Every parent on the planet wants their kids to remain as happy and healthy as possible. And in these turbulent and potentially scary times, we’re all paying extra close attention to our kids’ health. Still, in our zeal to protect our children from hurt, harm and infection, we can risk giving them the wrong attitude about their health and wellbeing. They can see their health as someone else’s problem. They can assume that you’ll always be there with a pack of wet wipes and a smile, no matter how old they get. And while we’ll love our kids every bit as much when they’ve grown up, flown the nest and started their own families, it’s never too early to start giving them a very special gift.
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The gift of power over their own health.
Kids need to be empowered to make their own informed decisions about their health and wellbeing. This will likely involve a lot of frank, open and honest discussions with your kids. Some of it will be about the big things like drugs and alcohol, and some of it will be about the little things like why it’s so important to wash their hands before dinner. However, the more you educate and enlighten them, the more likely they’ll be to make their own positive health choices in the future.
Help them win the battle against bacteria with good hygiene habits
We’re all learning just how important proper hand sanitation is. And if you aren’t washing your hands properly, it doesn’t matter how much alcohol based sanitizing gel you have. Explain the importance of good hygiene habits to kids from an early age and why they play a part in everything from how you clean your home to why it’s so important to brush under their fingernails. Teach them good habits and they’ll win the battle against bacteria in the long term.
Teach them why their veggies and fruits are so important
We all know that a healthy diet is one that’s rich in natural, plant-based goodness and free of high salt, high sugar, high fat processed convenience foods. But given kids’ historical aversion to veggies, it’s important not just to explain the importance of nutrition in good overall health but to make delicious vegetarian recipes.
The plant kingdom is full of nutritious foods that are rich in vitamins, minerals, protein, fiber and healthy fats. Everything the human body needs in childhood, adolescence and adulthood. The recipes you teach them today will not only show them that healthy food can be fun and satisfying but that it can be quick and easy. As such, they’ll go into adulthood always knowing how to throw a nutritious meal together.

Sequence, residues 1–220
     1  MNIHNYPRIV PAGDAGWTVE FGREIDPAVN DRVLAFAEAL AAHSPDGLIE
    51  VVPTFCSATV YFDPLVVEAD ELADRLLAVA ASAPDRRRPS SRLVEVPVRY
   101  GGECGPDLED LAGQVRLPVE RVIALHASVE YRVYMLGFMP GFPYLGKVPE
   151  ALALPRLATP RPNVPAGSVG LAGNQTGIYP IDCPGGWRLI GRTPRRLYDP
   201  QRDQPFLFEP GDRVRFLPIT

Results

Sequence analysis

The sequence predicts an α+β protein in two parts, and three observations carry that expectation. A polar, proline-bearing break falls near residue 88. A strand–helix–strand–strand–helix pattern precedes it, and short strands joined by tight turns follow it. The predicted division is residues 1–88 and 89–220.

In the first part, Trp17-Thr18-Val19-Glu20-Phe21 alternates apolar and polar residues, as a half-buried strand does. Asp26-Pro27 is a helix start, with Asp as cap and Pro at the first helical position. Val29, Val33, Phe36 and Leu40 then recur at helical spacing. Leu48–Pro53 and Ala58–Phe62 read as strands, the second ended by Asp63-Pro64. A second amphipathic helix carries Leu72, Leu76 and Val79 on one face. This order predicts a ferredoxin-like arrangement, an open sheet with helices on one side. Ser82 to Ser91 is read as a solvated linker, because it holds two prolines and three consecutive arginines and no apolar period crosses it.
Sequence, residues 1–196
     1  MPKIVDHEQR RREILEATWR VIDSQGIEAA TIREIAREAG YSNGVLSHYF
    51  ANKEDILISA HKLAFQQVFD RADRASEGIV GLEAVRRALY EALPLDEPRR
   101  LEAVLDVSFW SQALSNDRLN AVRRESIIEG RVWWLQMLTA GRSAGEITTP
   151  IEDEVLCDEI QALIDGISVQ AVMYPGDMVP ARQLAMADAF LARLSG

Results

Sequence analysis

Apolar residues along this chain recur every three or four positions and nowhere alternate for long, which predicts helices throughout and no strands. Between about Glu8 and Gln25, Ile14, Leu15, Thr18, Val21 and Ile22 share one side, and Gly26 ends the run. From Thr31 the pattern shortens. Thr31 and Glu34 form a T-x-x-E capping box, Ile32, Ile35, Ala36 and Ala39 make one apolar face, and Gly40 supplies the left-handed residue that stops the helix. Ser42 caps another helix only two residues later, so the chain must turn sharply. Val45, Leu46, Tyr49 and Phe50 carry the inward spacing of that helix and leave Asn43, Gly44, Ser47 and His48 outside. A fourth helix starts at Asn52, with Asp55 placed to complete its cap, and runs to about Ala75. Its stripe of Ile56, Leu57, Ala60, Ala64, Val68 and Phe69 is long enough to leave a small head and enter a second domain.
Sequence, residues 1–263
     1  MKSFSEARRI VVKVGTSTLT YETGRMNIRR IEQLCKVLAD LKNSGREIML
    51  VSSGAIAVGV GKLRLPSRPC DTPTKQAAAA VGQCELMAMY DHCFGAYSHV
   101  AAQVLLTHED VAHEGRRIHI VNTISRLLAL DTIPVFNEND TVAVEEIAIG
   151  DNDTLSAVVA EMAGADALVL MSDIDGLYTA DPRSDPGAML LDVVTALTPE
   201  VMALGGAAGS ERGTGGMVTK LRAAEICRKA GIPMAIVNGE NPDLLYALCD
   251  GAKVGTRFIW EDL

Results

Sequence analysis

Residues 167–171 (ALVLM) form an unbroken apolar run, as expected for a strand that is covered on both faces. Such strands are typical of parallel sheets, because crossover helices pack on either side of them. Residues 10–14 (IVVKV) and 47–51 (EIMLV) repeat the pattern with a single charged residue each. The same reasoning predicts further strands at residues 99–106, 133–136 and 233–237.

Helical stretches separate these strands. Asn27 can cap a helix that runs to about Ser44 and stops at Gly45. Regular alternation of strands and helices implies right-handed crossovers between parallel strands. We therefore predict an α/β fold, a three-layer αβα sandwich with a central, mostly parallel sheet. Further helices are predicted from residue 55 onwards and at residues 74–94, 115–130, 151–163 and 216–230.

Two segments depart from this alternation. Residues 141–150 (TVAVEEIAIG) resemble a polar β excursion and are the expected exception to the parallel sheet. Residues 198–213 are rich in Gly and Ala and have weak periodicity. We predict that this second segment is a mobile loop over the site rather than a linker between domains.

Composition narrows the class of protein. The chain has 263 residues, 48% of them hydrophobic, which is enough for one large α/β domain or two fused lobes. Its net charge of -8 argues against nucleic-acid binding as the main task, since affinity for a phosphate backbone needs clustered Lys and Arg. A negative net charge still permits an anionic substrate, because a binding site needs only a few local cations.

Let’s talk about sex
Absolutely no parent relishes the idea of having conversations about sex with their child. But the truth is that if you leave the conversation until they’re already teenagers it may be too late. Sex is the most natural thing in the world, and sweeping it under the rug can only help to create a sense of mystery and intrigue around this grown up activity. As uncomfortable as it may be, talking to them frankly, honestly and early can empower them to make better informed decisions in their adult lives. This can include everything from explaining why condoms are important to knowing the six locations in the neighborhood where they can get tested for sexually transmitted infections. Yes, it’s embarrassing. Yes, it’s uncomfortable. But sex is every bit as natural a human function as eating. We teach our kids why it’s important to wash their fruit and veggies and make sure their food is cooked properly prior to eating. This is no different.
Give them a balanced diet of activities
Video games are fine. As are social media platforms (so long as kids know how to be smart and safe). As are any other activities which kids enjoy indoors. So long as they’re part of a balanced diet of activities. While parents may worry about their kids over-indulging with games consoles, computers and electronic devices, what’s really important is teaching kids the value of moderation in these activities (as in many other things). Families who are active, take walks together, play games together and enjoy a range of outdoor activities together rarely need to worry about their kids becoming couch potatoes.
It’s never too early to start talking about mental health
Finally, it’s all too tempting to assume that kids don’t experience mental health issues in the same way that we adults do. But childhood (especially adolescence) can be a stressful, anxious and depressing time, regardless of quality of life. It’s never too early to start talking with your kids about mental health. The better informed they are, the better placed they’ll be to put their own infrastructure in place to safeguard their psychological well being.
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